Except these last, practically all rocks contain felspars or feldspathoid minerals. In the acid rocks the common feldspars are orthoclase, perthite, microcline, and oligoclase—all having much silica and alkalis. In the basic rocks labradorite, anorthite and bytownite prevail, being rich in lime and poor in silica, potash and soda. Augite is the commonest ferro-magnesian of the basic rocks, but biotite and hornblende are on the whole more frequent in the acid.
Commonest Minerals Acid Intermediate Mafic Ultramafic
Quartz
Orthoclase (and Oligoclase), Mica, Hornblende, Augite
Little or no Quartz:
Orthoclase hornblende, Augite, Biotite
Little or no Quartz:
Plagioclase Hornblende, Augite, Biotite
No Quartz
Plagioclase Augite, Olivine
No Felspar
Augite, Hornblende, Olivine
Plutonic or Abyssal type Granite
Granite
Granite is a common and widely occurring type of intrusive, felsic, igneous rock. Granite usually has a medium- to coarse-grained texture. Occasionally some individual crystals are larger than the groundmass, in which case the texture is known as porphyritic. A granitic rock with a porphyritic...

 
Syenite
Syenite
Syenite is a coarse-grained intrusive igneous rock of the same general composition as granite but with the quartz either absent or present in relatively small amounts Syenite is a coarse-grained intrusive igneous rock of the same general composition as granite but with the quartz either absent or...

 
Diorite
Diorite
Diorite is a grey to dark grey intermediate intrusive igneous rock composed principally of plagioclase feldspar , biotite, hornblende, and/or pyroxene. It may contain small amounts of quartz, microcline and olivine. Zircon, apatite, sphene, magnetite, ilmenite and sulfides occur as accessory...

 
Gabbro
Gabbro
Gabbro refers to a large group of dark, coarse-grained, intrusive mafic igneous rocks chemically equivalent to basalt. The rocks are plutonic, formed when molten magma is trapped beneath the Earth's surface and cools into a crystalline mass....

 
Peridotite
Peridotite
A peridotite is a dense, coarse-grained igneous rock, consisting mostly of the minerals olivine and pyroxene. Peridotite is ultramafic, as the rock contains less than 45% silica. It is high in magnesium, reflecting the high proportions of magnesium-rich olivine, with appreciable iron...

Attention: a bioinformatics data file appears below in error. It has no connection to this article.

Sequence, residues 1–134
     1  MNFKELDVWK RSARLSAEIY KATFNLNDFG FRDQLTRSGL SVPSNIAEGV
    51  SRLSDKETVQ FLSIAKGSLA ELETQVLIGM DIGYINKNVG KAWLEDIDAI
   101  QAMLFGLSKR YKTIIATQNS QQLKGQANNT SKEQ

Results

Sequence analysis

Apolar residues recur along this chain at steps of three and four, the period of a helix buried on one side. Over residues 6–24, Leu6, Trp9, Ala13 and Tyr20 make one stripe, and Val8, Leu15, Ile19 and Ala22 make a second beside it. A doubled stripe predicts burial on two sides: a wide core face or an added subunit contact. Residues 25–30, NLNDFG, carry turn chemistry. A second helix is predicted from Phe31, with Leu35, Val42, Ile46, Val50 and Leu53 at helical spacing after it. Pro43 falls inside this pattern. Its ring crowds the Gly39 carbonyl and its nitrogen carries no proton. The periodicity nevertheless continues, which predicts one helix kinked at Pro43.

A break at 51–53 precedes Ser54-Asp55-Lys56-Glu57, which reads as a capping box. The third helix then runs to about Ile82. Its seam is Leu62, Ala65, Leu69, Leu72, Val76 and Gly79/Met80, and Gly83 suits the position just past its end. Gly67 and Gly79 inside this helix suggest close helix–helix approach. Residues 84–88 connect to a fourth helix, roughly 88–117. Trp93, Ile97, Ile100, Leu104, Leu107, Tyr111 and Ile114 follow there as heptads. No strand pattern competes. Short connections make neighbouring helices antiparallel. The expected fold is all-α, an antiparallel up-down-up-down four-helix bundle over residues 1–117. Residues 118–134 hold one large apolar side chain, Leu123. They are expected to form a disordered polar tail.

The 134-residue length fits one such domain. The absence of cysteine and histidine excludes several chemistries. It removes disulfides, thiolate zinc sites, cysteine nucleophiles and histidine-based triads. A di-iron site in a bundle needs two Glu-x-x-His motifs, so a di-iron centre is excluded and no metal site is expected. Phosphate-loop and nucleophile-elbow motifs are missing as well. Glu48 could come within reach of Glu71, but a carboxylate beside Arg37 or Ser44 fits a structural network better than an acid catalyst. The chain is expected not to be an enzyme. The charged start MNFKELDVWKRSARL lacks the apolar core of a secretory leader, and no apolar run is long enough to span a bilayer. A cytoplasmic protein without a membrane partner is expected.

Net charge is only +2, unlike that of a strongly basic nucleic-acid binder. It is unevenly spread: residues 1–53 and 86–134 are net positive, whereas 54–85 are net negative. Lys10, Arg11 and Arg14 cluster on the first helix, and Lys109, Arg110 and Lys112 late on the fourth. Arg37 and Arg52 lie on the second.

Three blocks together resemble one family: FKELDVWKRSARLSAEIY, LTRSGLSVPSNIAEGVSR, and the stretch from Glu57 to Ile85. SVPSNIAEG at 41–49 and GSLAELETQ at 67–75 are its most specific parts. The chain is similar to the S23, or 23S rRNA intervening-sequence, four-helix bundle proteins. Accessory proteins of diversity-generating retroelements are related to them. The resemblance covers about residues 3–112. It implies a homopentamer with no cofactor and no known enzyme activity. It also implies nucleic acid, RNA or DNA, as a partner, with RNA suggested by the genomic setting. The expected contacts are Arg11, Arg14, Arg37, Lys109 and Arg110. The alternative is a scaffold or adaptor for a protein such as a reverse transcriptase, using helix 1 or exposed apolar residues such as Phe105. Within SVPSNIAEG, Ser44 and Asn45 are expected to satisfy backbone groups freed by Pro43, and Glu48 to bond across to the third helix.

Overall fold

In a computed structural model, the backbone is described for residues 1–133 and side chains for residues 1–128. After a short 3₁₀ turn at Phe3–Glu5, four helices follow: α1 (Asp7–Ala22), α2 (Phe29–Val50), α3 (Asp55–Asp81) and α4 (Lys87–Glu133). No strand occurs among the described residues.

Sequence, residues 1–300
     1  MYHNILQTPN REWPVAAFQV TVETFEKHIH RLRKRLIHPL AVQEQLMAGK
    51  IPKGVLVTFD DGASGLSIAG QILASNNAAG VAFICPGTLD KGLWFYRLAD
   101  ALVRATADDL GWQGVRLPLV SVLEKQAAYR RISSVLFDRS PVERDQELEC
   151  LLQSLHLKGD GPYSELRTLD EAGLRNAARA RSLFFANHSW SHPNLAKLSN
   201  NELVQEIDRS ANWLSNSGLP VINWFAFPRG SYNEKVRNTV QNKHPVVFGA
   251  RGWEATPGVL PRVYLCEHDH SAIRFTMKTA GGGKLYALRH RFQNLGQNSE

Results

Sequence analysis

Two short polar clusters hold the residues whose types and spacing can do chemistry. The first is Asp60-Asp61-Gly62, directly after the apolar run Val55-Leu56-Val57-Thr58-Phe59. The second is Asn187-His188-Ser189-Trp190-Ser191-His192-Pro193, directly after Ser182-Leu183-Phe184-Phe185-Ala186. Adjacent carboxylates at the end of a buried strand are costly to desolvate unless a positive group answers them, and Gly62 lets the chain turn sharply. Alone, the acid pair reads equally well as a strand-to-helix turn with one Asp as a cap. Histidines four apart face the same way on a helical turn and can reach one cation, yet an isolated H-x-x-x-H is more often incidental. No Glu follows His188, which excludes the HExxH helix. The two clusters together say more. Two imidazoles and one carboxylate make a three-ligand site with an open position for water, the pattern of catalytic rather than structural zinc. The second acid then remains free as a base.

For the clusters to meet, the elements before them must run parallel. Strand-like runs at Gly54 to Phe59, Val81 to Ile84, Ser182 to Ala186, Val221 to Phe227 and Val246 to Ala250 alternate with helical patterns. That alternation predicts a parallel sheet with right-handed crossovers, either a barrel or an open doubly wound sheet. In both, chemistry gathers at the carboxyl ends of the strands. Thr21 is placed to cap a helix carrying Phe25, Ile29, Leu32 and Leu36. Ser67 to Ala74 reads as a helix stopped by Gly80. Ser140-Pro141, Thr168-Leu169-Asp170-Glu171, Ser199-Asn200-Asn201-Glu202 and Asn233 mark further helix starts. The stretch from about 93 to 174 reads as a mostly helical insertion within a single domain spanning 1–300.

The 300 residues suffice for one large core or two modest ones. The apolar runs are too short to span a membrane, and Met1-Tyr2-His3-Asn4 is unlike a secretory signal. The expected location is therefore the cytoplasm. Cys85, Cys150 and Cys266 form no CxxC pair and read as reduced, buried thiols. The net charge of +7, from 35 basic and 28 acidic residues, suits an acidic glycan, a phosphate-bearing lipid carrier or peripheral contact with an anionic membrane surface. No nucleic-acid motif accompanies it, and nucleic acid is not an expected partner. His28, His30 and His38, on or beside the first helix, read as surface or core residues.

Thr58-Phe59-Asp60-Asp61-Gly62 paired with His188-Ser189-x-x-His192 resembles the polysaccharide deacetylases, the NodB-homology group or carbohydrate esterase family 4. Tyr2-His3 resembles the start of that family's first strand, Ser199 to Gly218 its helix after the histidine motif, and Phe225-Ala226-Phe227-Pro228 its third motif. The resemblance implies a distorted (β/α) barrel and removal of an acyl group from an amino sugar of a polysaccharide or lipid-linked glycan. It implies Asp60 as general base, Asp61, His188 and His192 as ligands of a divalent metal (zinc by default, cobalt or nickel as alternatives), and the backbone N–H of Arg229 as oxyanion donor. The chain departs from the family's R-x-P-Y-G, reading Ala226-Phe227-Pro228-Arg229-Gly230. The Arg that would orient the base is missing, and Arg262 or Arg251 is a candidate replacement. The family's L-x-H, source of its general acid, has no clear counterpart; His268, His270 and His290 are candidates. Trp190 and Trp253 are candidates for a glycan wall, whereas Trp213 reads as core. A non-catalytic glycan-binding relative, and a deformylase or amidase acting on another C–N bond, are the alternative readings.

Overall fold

Intrusive or Hypabyssal type Quartz-porphyry
Quartz-porphyry
Quartz-porphyry, in petrology, is the name given to a group of hemi-crystalline acid rocks containing porphyritic crystals of quartz in a fine-grained matrix, usually of micro-crystalline or felsitic structure...

 
Orthoclase-porphyry  Porphyrite Dolerite  Picrite
Lavas or Effusive type Rhyolite
Rhyolite
This page is about a volcanic rock. For the ghost town see Rhyolite, Nevada, and for the satellite system, see Rhyolite/Aquacade.Rhyolite is an igneous, volcanic rock, of felsic composition . It may have any texture from glassy to aphanitic to porphyritic...

, Obsidian
Obsidian
Obsidian is a naturally occurring volcanic glass formed as an extrusive igneous rock.It is produced when felsic lava extruded from a volcano cools rapidly with minimum crystal growth...

 
Trachyte
Trachyte
Trachyte is an igneous volcanic rock with an aphanitic to porphyritic texture. The mineral assemblage consists of essential alkali feldspar; relatively minor plagioclase and quartz or a feldspathoid such as nepheline may also be present....

 
Andesite
Andesite
Andesite is an extrusive igneous, volcanic rock, of intermediate composition, with aphanitic to porphyritic texture. In a general sense, it is the intermediate type between basalt and dacite. The mineral assemblage is typically dominated by plagioclase plus pyroxene and/or hornblende. Magnetite,...

 
Basalt
Basalt
Basalt is a common extrusive volcanic rock. It is usually grey to black and fine-grained due to rapid cooling of lava at the surface of a planet. It may be porphyritic containing larger crystals in a fine matrix, or vesicular, or frothy scoria. Unweathered basalt is black or grey...

 
Limburgite
Limburgite